Young Pierre Trudeau

By Brian Fawcett | September 26, 2006

Young Trudeau: Son of Quebec , Father of Canada , by Max and Monique Nemni (tr. William Johnson, McClelland and Stewart, 2006, 343 pps, pb, $27.99)

This spring I ran into ex-McClelland and Stewart publisher Doug Gibson at a Toronto gathering of environmentalists, one of whom was an author of his. Gibson has been among our most competent cultural patriots as a book publisher, with a long record of trying to do the right thing, publishing books that support Canadian culture even when they don’t make money and the Globalist Zeitgeist doesn’t want to hear what they have to say. He’s a guy whose intentions I generally trust even when I don’t agree with them because I agree with where he’s coming from.

During the conversation we had that evening, the subject of Pierre Trudeau’s youthful memoirs came up, and Gibson expressed his dismay that Trudeau had permitted the writings on which they’re based to be deposited within the National Archive of Canada toward the end of his life. Salicious rumours were already flying when we spoke—mostly out of Quebec —that the memoir demonstrated that the youthful Trudeau had ideas that didn’t exactly coincide with the federalist Trudeau we know and either revere or loathe. In the years before the end of the Second World War, the rumours were shouting, the father of our constitution was a proto-fascist, an anti-Semitic separatist busily plotting ways to take Quebec out of Canada and out of the anti-Fascist alliance fighting Nazi Germany. Gibson was clearly bothered by these disclosures, and as the book’s editor (he now has his own paperback imprint at M&S, and seems happy to have left management to pursue his true motive for getting into book publishing in the first place), he was more or less confirming that the rumours were true.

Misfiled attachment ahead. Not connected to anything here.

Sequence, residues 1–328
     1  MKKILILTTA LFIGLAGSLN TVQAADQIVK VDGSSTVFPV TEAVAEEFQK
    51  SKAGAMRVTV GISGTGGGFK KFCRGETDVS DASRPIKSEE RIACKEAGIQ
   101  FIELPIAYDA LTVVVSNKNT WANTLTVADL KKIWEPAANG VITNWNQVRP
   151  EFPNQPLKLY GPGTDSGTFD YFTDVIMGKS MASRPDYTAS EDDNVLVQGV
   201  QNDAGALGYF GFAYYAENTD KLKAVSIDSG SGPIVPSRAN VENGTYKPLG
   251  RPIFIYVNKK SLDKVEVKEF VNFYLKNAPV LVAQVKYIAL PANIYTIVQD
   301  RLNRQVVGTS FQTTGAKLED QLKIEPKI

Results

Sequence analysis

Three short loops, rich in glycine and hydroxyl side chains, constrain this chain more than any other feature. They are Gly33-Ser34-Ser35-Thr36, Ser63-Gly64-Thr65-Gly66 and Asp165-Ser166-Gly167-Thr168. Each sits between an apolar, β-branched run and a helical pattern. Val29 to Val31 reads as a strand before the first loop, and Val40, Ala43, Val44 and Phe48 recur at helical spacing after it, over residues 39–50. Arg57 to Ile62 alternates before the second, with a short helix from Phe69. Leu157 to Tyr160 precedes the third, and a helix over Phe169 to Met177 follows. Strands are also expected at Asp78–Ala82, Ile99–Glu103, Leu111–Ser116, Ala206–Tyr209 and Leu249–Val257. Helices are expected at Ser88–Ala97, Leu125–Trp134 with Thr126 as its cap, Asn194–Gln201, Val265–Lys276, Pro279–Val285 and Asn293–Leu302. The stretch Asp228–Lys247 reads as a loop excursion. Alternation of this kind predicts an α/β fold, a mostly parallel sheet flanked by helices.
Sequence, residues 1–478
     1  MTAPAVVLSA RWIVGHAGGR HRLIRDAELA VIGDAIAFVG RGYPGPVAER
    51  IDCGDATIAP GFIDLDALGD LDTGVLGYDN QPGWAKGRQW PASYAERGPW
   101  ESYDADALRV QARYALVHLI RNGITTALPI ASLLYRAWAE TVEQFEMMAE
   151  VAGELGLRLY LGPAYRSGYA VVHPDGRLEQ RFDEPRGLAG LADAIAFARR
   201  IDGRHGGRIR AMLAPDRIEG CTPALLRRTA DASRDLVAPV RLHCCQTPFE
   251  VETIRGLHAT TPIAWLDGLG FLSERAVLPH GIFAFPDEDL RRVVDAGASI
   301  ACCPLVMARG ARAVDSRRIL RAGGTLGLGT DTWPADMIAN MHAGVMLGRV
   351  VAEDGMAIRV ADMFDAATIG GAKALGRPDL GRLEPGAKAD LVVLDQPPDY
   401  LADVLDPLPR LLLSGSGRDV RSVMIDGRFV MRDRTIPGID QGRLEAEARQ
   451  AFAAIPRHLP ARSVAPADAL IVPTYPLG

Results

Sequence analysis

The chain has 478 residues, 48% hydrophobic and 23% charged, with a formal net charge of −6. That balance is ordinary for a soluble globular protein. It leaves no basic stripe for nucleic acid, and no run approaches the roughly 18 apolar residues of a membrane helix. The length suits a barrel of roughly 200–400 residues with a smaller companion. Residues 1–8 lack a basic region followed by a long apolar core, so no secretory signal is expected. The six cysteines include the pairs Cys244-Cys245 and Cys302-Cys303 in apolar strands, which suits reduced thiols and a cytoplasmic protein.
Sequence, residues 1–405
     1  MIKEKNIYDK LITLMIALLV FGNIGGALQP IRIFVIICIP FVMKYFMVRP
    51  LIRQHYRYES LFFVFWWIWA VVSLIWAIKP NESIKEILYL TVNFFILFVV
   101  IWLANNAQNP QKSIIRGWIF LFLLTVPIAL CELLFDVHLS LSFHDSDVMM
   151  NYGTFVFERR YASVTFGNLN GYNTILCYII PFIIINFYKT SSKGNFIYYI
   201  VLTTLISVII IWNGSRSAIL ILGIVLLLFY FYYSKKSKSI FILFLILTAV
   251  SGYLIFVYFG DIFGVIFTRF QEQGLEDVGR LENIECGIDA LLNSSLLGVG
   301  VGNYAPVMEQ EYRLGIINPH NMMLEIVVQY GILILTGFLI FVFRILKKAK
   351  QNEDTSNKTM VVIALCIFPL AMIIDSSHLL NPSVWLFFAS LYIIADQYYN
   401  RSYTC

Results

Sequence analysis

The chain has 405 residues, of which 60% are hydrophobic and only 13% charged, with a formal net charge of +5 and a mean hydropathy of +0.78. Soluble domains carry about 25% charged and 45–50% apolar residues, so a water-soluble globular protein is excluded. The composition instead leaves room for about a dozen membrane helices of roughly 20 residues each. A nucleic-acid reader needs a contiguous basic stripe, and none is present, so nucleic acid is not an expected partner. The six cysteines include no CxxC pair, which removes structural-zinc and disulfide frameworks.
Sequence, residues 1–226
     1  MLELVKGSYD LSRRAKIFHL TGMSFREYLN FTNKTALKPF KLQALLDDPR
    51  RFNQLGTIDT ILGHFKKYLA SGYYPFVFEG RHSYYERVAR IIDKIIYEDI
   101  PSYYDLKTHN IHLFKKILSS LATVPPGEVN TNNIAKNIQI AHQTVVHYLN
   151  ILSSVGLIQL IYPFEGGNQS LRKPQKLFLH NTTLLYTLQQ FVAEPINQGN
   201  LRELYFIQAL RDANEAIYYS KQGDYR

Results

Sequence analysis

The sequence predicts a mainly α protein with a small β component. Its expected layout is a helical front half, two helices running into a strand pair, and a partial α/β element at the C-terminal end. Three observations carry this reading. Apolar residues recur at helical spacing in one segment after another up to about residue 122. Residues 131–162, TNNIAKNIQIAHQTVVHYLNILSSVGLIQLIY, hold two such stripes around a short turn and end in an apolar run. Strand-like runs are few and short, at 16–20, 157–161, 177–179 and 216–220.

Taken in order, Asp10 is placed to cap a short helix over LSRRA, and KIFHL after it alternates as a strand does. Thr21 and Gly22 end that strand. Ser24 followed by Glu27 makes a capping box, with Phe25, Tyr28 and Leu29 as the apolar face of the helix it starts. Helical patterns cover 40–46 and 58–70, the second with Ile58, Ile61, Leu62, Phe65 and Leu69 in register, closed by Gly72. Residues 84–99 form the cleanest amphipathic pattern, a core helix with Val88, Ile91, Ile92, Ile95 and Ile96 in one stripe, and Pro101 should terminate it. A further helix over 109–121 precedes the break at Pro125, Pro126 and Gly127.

I pointed out to Gibson that Quebecois luminaries like Lysiane Gagnon are all too willing to do what they can to discredit Trudeau even if all they had to work with was a photo of him blowing his nose on his sleeve (she was “extremely shocked” at the biography). Then I argued, without having seen the book, that it simply meant that Trudeau possessed the capacity to evolve, noting that nearly all of us had funny ideas while we were young. I mentioned that I believed in the inevitability of an American invasion of Canada during the late 1960s, and that I’d demonstrated the sincerity of my belief by buying a hunting rifle so I could defend our borders. It was a foolish belief, and I changed it when I understood the world better. What’s the problem?